Things to do in Shanghai
Shanghai is a popular spot for night owls who never miss out a chance to enjoy the nightlife. Travelers wondering what to do in Shanghai should visit Huangpu River Cruise, with each tour ranging from 30 minutes to 6 hours. This is a great way to see the city’s striking skyline, one of the best things to do in Shanghai. Oriental Pearl TV Tower, Huangpu Park, the Bund, and Jin Mao Tower are other attractions.
Another thing to do in Shanghai is to visit a traditional Chinese tea house. The city has many, the best of which may be Tang Yun tea house, where you can serve yourself many varieties of tea, along with traditional Chinese delicacies.
If you’re wondering what to do in Shanghai with kids, check out one of the city’s many theme parks, like Shanghai Happy Valley or Jinjiang Amusement Park. Also worth visiting are Madame Tussauds Shanghai, the Shanghai Propaganda Poster and Art Centre, and Shanghai City Beach, a beautiful city beach is on the north bank of Hangzhou Bay. It has golden sands, blue waters, and outdoor activities like beach volleyball, boating, bungee jumping, and 4-wheeling.
Part of the sprawling Old City God’s Temple district—also home to the Yuyuan Bazaar—Nan Fang Curio Market is a collection of stalls selling vintage clothing and costumes.
The 94th-floor toilets at Shanghai's Kohn, Pedersen, and Fox-designed landmark, known as the "bottle opener," take the title of the world's highest-altitude restrooms, at a vertigo-inducing 1,388 feet.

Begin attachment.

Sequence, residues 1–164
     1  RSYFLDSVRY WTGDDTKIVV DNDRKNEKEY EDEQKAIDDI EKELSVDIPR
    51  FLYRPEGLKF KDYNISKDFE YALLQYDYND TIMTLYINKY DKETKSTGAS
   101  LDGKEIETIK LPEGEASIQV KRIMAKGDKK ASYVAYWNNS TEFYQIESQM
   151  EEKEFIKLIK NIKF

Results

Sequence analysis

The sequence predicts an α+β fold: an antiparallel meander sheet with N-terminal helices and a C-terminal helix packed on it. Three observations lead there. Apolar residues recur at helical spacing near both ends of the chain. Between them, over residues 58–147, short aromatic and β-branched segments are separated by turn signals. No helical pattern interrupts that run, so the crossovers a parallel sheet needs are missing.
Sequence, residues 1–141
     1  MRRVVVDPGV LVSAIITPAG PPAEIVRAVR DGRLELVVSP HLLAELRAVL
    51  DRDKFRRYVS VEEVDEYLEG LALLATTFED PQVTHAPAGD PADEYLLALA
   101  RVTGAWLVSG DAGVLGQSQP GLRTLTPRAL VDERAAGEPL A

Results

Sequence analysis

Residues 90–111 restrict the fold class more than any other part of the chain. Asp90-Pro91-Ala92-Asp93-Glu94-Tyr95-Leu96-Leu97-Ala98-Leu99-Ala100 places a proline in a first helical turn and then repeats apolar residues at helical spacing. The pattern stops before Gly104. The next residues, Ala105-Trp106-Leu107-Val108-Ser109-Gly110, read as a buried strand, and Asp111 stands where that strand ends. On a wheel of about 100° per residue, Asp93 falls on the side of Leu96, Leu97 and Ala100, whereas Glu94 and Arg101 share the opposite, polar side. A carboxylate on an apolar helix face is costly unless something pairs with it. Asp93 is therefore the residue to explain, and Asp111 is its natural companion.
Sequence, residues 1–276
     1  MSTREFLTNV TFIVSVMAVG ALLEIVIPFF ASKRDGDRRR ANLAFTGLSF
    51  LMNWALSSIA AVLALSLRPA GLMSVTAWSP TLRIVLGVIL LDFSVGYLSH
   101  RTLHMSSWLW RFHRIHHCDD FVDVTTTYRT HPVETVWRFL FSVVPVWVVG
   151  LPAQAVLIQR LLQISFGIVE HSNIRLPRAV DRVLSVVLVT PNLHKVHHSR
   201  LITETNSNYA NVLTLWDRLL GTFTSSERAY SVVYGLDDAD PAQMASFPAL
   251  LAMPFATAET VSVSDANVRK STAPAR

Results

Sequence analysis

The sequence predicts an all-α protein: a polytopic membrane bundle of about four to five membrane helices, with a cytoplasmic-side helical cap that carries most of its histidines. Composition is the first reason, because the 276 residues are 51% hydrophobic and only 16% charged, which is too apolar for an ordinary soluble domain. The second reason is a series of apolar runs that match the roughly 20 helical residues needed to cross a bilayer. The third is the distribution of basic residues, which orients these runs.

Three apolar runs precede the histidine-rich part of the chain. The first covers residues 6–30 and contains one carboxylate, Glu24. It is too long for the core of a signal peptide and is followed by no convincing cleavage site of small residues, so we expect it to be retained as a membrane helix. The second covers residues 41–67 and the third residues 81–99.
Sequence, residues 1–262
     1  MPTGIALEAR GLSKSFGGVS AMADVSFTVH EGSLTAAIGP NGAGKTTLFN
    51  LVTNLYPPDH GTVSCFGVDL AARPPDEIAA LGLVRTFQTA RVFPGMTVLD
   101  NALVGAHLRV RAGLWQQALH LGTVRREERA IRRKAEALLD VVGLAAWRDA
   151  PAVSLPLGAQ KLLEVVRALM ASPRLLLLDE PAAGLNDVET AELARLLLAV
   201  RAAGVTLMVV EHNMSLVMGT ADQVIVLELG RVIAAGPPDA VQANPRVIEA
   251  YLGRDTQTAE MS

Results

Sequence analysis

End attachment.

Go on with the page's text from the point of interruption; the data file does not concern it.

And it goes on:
With an eye-catching Art Deco façade and revamped interiors by London-based architect David Chipperfield, the Bund’s only contemporary art gallery has become one of the city’s most noteworthy institutions.
This spa in the heart of Pudong offers a modern take on ancient Chinese wellness: the vast glass-and-stone building encompasses a spa, health center, wine bar, library, and restaurant.
The store carries a surprising breadth of products: from reproductions of communist-era comic books to artist's backpacks.
It’s all about glitz at this aptly-named bar on the sixth floor of Five on the Bund. Owned by the M Group, the bar has an Art Deco and vintage Hollywood influenced interior; the curvy bar was inspired by a high-fashion ladies’ shoe.
Shanghai’s latest secret?Lane 248, a gritty, narrow street now inhabited by artsy cafés and intimate boutiques, hidden behind Taikang Road.
On the third floor of the Shanghai Urban Planning Exhibition Center there's a room-size scale model of the city in 2020.
The shop stocks a wonderful collection of Shanghai Deco lampshades and accents.
At this bookshop-café on one of the elegantly shaded streets in the French Concession, coffee addicts linger late into the night amid the Ming-dynasty-style décor.
Xintiandi was the birthplace of the Chinese Communist Party; now this restored two-block district is defined by upscale shops and restaurants.
The shop's memorabilia merchandise includes retro vinyl Chairman Mao and Lin Biao buttons.
The sleek 1,345-square-foot store, with its white oak floors and cloud-like molded walls, was developed by Japanese architect Kengo Kuma under the direction of designer Jiang Qiong Er.